The number of hours to solo varies as widely as the number of pilots. Every person is different and brings to the airport an individual set of motor skills and attitude. Older students seem to usually take longer than younger ones, but there is really no way to tell.

How long will it take me to get my private pilot's license?
The FAA requires a minimum 40 hours of flight instruction, divided between solo and dual. Keep in mind that this is only a minimum time requirement and the national average is around 70 hours. You must also pass a written exam before you will be allowed to test for the license.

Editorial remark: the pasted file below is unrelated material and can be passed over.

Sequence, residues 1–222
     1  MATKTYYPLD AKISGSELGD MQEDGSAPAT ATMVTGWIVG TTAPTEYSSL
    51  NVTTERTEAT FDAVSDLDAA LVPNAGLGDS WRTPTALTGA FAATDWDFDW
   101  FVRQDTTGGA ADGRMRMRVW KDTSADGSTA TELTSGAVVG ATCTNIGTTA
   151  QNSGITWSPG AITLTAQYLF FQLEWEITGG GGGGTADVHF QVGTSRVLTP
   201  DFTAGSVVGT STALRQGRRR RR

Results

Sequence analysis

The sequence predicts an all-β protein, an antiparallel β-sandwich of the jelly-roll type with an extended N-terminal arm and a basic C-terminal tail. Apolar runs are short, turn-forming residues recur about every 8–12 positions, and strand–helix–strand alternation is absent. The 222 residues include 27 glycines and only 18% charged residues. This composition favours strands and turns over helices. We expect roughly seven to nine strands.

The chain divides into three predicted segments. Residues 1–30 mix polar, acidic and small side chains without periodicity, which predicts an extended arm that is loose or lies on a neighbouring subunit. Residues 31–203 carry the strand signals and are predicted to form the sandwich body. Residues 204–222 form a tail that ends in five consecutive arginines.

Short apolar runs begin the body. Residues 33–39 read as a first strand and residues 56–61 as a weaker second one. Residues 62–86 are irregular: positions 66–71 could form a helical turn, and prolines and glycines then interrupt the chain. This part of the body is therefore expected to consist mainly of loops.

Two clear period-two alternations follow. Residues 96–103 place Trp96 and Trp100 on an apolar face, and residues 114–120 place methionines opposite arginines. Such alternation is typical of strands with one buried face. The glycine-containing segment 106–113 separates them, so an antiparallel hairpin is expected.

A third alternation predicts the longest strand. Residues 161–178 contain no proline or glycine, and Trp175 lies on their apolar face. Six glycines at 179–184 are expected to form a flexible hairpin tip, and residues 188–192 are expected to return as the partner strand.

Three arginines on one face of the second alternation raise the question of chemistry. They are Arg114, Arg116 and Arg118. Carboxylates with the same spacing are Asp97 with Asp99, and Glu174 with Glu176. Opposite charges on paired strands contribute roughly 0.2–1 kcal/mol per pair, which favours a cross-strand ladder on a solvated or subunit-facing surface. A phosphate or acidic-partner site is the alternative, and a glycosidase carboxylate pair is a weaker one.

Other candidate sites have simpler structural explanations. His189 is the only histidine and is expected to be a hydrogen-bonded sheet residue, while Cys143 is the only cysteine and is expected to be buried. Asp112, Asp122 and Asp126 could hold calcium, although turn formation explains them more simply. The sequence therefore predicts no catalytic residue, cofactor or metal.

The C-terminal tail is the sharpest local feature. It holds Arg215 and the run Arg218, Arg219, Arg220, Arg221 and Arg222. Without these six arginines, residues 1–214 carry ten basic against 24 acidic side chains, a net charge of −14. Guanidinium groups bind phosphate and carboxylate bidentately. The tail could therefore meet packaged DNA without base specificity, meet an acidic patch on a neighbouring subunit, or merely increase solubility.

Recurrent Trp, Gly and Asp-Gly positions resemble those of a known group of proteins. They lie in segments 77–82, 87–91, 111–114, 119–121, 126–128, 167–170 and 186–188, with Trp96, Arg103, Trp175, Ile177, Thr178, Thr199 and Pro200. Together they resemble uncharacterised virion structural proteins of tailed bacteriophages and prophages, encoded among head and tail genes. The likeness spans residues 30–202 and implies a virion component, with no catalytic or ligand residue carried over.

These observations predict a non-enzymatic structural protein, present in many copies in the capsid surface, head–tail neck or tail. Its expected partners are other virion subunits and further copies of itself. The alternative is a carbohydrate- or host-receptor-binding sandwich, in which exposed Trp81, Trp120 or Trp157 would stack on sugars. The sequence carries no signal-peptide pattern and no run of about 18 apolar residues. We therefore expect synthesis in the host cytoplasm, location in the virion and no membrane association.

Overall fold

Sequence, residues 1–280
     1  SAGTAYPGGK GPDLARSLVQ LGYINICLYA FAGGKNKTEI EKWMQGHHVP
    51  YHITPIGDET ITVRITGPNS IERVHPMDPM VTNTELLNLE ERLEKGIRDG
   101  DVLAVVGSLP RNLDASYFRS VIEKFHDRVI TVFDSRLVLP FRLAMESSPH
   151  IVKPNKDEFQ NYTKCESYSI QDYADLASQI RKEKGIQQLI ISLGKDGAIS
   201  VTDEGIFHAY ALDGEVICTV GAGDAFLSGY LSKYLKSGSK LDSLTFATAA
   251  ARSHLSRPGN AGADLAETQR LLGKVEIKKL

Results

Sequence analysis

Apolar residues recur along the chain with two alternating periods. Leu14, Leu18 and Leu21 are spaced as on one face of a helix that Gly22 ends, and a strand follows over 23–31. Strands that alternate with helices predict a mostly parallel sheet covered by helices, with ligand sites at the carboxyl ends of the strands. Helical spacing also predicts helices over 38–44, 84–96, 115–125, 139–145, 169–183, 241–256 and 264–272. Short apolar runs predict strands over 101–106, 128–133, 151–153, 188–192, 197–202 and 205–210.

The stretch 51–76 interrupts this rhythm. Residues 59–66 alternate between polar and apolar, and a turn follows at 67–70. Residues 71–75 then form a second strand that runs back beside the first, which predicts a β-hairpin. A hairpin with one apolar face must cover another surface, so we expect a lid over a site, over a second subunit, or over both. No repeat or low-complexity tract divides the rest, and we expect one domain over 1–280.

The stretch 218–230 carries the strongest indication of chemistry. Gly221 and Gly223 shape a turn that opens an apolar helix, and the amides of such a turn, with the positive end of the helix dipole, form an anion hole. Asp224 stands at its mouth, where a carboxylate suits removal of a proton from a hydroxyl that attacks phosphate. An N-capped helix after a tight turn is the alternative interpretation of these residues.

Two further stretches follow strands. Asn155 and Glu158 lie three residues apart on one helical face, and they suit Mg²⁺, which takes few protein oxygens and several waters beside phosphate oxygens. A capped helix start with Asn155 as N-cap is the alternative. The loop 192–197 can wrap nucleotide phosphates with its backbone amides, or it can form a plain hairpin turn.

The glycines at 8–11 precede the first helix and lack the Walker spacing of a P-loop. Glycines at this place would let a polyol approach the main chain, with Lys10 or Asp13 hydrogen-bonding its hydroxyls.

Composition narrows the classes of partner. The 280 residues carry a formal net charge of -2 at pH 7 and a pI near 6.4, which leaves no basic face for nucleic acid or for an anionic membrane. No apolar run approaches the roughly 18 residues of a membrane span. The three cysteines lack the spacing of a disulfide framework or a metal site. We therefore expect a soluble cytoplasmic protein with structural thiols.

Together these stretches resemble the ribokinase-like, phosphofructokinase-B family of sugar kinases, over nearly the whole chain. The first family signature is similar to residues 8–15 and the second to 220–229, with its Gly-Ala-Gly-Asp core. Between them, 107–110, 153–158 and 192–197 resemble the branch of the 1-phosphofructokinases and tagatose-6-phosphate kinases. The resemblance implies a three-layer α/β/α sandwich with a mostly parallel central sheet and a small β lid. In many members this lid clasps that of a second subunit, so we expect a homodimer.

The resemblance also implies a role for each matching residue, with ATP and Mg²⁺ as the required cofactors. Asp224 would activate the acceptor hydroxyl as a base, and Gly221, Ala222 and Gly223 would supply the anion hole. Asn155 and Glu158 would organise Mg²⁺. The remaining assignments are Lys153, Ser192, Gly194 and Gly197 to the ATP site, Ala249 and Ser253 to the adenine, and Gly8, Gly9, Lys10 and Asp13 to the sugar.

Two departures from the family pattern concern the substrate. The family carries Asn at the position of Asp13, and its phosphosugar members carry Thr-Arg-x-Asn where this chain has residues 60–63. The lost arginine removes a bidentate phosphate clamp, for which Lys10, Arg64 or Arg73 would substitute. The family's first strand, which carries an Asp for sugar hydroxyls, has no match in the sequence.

How do I find a good flight school or instructor?
Unless you know a pilot or a flight instructor, look in the yellow pages. Call nearby airports and ask to speak to a flight instructor. He will probably suggest an introductory flight. An introductory flight will allow you to observe their flying and teaching skills. If you find an instructor that you feel comfortable with, ask for references. A good flight instructor will be more than happy to provide you with a list of satisfied customers.

What kind of airplane will I learn to fly?
Most students learn to fly in a Cessna 150 or 172. The flight school you choose may use Piper Archers or Warriors. The differences between all of the models listed is minor and they are all proven, reliable student trainer aircraft.